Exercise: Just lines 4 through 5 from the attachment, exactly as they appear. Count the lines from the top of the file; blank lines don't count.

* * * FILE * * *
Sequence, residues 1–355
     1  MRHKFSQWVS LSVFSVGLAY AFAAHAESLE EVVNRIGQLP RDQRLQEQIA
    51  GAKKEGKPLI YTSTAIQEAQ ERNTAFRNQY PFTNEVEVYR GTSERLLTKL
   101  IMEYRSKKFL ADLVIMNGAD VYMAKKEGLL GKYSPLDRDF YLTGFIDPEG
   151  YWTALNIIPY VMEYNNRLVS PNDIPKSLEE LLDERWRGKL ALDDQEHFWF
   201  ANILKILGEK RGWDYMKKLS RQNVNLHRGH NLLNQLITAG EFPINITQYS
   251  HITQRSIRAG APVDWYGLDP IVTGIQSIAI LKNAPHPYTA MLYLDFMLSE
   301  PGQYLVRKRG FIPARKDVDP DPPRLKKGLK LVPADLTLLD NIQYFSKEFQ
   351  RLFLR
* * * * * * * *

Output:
   101  IMEYRSKKFL ADLVIMNGAD VYMAKKEGLL GKYSPLDRDF YLTGFIDPEG
   151  YWTALNIIPY VMEYNNRLVS PNDIPKSLEE LLDERWRGKL ALDDQEHFWF